There’s no lack of dining competition in the area. Directly across Grace street is a Chipotle and Panera. Not to mention the handful of restaurants one block west on Grace (Strange Matter, Ipanema, Panda Veg, Thai Top Ten, Saigon, etc), one block east (Evergreen Chinese, Sally Bell’s Kitchen) and the places one block north on Broad.

    Sahara has been losing it’s mojo/popularity for a while. It was fairly popular among the late night crowd when I was a freshman in 2007 but has really been going downhill since then.

    I’m sure VCU has offered them good money for the property. Should have took the money and never looked back.

    To me, this looks very similar to a case of a property owner in DC from a few years back. A developer offered the owner a nice bit of money (a couple million I believe) for his lot but the owner repeatedly refused, holding out for a bigger offer. Eventually the developer just built around the hold-out property and completely closed it in on 3 sides.

    See it here: http://www.virtualfunzone.com/slike/place/6-extraordinarily-stubborn-nail-houses/6-extraordinarily-stubborn-nail-houses14.jpg

    Last I heard the owner was struggling to sell it for a fraction of what he was offered.

  4. Ruben Foster June 1, 2012 at 2:07 pm - Reply

    I am not an attorney by any stretch of the imagination, but I bet VCU comes out on top here. I can’t see this guy getting $1 from this suit.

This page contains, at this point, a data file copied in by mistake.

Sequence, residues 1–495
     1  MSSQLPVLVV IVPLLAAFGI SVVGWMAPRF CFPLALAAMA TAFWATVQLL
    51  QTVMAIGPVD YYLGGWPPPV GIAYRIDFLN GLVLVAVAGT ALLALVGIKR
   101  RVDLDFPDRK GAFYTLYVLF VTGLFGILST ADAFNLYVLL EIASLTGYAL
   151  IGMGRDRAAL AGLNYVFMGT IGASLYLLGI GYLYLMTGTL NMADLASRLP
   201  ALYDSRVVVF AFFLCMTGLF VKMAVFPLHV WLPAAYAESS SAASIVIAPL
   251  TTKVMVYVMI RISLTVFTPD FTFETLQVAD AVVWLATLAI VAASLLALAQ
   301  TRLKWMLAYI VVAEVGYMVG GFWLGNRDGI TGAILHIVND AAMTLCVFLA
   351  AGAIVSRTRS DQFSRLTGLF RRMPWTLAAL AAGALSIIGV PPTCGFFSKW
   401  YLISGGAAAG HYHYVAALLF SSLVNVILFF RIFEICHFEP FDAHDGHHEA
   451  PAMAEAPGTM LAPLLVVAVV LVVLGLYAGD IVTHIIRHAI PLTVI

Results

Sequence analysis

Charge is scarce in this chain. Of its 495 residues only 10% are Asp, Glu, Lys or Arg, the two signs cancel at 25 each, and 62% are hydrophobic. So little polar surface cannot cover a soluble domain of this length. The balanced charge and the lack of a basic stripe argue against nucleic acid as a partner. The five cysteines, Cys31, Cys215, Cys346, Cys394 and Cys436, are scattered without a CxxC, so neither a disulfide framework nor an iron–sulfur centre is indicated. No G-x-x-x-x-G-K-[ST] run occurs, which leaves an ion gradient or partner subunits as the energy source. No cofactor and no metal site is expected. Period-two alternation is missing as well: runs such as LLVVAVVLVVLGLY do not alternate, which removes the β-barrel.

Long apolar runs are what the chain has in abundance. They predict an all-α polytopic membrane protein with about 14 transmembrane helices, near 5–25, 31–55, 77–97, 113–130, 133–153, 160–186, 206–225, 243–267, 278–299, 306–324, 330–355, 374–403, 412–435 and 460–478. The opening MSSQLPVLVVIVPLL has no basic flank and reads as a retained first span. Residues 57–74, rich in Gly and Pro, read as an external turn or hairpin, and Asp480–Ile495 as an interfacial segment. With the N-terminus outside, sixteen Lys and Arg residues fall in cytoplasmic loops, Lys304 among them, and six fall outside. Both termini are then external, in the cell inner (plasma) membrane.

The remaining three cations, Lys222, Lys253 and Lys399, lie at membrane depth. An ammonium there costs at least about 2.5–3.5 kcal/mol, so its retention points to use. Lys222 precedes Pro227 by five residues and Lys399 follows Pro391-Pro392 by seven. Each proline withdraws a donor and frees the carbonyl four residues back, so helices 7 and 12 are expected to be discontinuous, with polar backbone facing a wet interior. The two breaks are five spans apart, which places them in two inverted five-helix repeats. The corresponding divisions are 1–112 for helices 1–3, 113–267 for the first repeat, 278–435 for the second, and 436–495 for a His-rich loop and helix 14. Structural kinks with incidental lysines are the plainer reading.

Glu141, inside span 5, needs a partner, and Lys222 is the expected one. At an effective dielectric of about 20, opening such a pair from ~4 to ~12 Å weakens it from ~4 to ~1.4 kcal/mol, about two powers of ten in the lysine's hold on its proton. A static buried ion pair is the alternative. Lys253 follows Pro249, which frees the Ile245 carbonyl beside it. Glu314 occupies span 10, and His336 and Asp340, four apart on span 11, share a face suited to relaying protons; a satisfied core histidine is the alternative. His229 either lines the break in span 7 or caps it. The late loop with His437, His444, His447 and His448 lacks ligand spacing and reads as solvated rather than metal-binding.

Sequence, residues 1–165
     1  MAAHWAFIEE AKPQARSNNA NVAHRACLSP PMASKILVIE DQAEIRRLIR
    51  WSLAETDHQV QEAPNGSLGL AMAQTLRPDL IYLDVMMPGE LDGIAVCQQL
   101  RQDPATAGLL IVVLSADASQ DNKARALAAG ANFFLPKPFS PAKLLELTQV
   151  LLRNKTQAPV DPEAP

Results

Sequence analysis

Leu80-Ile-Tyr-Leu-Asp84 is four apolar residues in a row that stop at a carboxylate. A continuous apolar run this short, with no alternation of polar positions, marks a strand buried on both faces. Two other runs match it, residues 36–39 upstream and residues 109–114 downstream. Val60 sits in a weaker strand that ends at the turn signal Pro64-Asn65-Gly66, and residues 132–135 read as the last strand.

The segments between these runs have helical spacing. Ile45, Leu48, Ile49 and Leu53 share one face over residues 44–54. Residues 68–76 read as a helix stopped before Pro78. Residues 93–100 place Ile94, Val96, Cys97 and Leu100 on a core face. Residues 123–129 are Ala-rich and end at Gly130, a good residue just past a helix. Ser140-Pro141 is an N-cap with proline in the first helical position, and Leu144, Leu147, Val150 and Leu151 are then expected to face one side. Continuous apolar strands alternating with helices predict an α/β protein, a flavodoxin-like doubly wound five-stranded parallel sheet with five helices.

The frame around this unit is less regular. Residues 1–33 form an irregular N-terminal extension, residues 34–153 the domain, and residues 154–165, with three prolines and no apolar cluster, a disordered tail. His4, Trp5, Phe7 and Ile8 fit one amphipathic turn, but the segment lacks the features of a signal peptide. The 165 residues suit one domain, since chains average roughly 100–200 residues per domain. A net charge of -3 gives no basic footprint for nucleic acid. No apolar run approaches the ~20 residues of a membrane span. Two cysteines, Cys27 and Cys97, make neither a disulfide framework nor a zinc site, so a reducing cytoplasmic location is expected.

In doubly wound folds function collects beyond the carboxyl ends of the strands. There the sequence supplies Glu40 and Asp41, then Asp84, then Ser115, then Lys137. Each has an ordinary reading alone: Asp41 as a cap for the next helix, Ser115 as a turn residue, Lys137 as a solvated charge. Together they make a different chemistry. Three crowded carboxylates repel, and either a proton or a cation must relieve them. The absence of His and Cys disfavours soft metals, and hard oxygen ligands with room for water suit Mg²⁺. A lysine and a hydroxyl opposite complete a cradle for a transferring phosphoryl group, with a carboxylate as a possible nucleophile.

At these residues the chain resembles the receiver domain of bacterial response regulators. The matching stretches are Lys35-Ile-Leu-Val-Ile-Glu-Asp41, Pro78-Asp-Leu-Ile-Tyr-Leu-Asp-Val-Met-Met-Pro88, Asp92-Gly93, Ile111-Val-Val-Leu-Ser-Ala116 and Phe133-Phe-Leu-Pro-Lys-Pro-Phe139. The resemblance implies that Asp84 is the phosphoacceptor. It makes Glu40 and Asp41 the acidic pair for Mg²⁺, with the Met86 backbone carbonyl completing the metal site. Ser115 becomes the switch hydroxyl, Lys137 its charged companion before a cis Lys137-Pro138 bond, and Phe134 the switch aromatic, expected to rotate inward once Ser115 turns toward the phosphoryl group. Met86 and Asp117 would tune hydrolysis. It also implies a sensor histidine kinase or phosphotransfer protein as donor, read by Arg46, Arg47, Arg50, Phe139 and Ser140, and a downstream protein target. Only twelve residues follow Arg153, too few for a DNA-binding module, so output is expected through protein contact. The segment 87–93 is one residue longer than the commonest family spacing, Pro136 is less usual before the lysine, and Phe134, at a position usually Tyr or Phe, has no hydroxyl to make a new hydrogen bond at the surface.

5. Stuart Squier June 1, 2012 at 4:44 pm - Reply

    I can’t comment on the legal case, but the problem is that Sahara’s building is set back too far from the street. It’s only become apparent now that the big new VCU buildings are so much closer to the street after the longtime surrounding surface lots made it easy to see (it was the only building on that side of the block.) The building is in a B-4 business zoning district, which specifies a maximum 10 foot setback from the right of way. The Sahara building is set back approximately 55 feet from the right of way, much too far for the urban form of a central city block. For whatever reason there was a period of time where they let builders do that suburban typology of building in the area, like the Hardees at Broad and Shafer, and the Pizza Hut at Grace and Laurel. Now we can see that the programming in those types of buildings will fail in urban areas.

  6. Johnny Richmond June 3, 2012 at 9:03 am - Reply

    VCU says a $1 million lawsuit filed against it should be tossed out because the school is considered a “governmental instrumentality for the dissemination of education

    bwahaha haaahaha

    I call it a mega million dollar monstrosity that has engulfed most of the charming flavor and culture of the area it is overwhelming… while leaving pockets of decadence and criminality it doesnt want to deal with…
    The architecture is hideous as a whole.. and looks like a futuristic compound of sterility and android development…

  7. Brad June 4, 2012 at 6:17 am - Reply

    Johnny Richmond, I don’t remember the parking lots providing charming flavor and culture over the past decade. This development on Grace is creating density within the Monroe Park campus and potentially pulling students out of some nearby neighborhoods so hopefully the market will allow for single family conversions instead of lousy student triplexes.

  8. Johnny Richmond June 4, 2012 at 2:28 pm - Reply

    Ive seen how those fake brick monopoly hotels have “created density” north of Broad and wiped out single family… Oregon Hill and it’s character is also getting swallowed… as are the historic homes and buildings east of Belvidere… plain ugly and looks like a militant zone if you ask me